Some elements are common. Some elements are glamorous or dangerous. And then there are some elements with great PR. Krypton is one of those. When it's not the home planet of the man of steel, krypton has — or rather had — a very specific use.

Ah, pity the poor element krypton. It's totally overshadowed by its fictional counterpart. Though, to be fair, the element isn't exactly trying to call attention to itself. It's a colorless, odorless, tasteless, inert gas. It has a few uses. It is in the flashbulbs of cameras, since it can take the sudden intense heat. It's in fluorescent light bulbs, too. But that's hardly glamorous.

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No, krypton's one shining moment of scientific relevance came when people were trying pin down the length of a meter. As science has gotten both more precise and multigenerational, the need to ensure that today's meter is the same as the meter a hundred years ago or a thousand years from now has become more and more intense. Both practically and ideologically, people had to come up with constants in order to measure the meter. For a while, it was a fraction of the distance between the north pole and the equator for a certain line of longitude. That wasn't even close to accurate enough. Template meters were made. Helpful, but not eternal.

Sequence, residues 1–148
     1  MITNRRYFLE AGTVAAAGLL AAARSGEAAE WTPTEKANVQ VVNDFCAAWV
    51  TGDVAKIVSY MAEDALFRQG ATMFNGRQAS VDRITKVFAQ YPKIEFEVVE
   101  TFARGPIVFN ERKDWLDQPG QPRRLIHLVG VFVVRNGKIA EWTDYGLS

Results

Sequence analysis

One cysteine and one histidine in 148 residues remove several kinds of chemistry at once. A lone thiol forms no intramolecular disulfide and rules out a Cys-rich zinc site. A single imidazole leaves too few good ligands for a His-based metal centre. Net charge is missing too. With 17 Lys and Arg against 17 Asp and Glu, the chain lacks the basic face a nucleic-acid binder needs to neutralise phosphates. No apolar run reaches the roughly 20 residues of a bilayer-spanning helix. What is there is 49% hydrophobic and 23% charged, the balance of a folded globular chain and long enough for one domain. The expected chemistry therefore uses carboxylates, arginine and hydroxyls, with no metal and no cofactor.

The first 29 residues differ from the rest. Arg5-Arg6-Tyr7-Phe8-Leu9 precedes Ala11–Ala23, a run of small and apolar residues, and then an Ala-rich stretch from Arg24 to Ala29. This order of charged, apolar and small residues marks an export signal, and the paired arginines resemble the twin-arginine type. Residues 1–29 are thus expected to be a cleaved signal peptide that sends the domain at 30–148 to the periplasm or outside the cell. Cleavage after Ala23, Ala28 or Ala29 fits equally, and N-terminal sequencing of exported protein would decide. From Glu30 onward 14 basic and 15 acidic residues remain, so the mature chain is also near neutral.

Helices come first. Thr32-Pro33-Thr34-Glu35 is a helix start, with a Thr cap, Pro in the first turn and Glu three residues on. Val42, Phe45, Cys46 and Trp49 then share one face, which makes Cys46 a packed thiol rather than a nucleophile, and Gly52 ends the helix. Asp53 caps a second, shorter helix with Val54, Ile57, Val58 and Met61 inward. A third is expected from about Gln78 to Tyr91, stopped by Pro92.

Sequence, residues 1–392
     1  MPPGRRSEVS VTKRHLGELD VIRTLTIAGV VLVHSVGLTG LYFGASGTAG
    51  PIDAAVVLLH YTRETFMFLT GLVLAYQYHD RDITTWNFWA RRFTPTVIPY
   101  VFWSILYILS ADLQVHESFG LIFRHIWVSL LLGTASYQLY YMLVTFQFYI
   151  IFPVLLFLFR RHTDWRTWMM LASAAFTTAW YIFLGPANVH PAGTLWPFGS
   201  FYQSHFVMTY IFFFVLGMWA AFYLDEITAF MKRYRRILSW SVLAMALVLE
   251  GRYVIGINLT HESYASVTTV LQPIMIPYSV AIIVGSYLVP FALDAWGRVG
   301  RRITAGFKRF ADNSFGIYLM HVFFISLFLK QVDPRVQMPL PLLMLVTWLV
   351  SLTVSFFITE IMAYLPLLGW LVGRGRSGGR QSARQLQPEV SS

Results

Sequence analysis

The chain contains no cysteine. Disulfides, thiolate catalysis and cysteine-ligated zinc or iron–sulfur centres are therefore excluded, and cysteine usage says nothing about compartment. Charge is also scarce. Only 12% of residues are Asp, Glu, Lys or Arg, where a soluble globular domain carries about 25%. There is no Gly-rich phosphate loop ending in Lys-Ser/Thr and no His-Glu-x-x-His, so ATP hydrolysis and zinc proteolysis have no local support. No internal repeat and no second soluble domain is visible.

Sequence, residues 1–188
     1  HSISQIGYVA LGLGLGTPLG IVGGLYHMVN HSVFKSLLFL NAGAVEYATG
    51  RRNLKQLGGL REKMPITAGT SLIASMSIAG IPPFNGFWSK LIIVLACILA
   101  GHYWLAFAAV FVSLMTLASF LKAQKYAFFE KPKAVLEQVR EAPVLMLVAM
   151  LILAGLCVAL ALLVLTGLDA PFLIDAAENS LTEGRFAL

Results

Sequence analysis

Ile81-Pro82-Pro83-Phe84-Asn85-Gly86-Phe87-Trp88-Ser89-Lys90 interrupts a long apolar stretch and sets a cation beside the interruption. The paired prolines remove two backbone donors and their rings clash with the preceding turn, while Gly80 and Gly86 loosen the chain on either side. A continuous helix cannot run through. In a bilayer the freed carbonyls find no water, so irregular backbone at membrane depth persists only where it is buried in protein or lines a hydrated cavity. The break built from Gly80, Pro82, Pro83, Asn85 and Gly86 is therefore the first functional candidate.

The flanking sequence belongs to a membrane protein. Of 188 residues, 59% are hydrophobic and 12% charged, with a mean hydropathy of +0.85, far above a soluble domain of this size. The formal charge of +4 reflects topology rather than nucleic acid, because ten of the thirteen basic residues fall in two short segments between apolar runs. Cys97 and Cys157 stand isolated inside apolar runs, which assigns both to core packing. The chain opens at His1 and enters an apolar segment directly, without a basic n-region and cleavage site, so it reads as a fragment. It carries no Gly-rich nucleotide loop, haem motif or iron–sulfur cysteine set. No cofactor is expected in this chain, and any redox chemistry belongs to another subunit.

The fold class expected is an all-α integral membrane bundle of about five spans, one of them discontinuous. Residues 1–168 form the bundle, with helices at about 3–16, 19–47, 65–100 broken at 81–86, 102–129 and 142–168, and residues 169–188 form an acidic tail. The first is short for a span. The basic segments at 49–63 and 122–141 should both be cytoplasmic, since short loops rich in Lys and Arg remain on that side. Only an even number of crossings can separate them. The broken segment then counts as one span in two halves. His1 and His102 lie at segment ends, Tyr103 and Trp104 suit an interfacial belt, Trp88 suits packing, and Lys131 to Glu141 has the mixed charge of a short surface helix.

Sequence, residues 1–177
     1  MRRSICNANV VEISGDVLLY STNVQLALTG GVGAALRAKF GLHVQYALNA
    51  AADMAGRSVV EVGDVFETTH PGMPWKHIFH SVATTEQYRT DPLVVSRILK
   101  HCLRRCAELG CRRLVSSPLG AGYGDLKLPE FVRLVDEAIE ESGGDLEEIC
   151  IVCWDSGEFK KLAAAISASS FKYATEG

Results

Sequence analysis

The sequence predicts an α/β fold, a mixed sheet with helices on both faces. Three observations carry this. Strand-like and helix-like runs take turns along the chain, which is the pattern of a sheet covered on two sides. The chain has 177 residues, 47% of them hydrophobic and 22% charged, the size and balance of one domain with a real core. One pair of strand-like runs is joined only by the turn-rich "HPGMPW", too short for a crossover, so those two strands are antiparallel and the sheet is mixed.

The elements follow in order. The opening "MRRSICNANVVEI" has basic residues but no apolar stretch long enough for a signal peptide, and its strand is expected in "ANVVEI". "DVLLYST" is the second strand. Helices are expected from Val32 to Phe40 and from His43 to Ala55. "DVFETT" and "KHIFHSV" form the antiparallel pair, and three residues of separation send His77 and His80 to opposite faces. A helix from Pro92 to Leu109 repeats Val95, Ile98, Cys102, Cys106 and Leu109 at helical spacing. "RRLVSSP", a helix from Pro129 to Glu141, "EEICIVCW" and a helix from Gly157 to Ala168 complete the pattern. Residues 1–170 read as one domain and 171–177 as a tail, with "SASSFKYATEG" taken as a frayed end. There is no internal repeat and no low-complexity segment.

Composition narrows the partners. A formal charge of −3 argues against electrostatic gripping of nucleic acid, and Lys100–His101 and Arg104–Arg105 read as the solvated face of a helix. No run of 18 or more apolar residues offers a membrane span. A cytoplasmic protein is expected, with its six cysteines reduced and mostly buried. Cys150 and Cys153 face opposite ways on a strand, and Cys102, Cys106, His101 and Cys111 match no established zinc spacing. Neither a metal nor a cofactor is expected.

At around this time, lasers were coming on the scene, and good old krypton, with its imperturbable inertness, was a good gaseous medium to put in them. They emitted a specific wavelength of light, and when scientists watched the lasers cross the lab and hit targets with wonderful accuracy, they finally believed they had found something eternal enough. The wavelength of a specific isotope of krypton, Krypton-86, would define the meter. Earth and krypton were linked, as the meter was established as 1,650,763.73 times the 605.78 wavelength of light emitted by Krypton-86.

Alas, the tribute was not to last. Eventually scientists decided that an even better constant was the speed of light. The meter is no longer being more closely defined. It's a set fraction of the speed of light, and the speed of light is being revised to greater and greater degrees of accuracy.

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And to think, the meter was almost superheroically poetic.

Image: Images of Elements

[Via Death By Black Hole, The Standard Meter, Krypton.]

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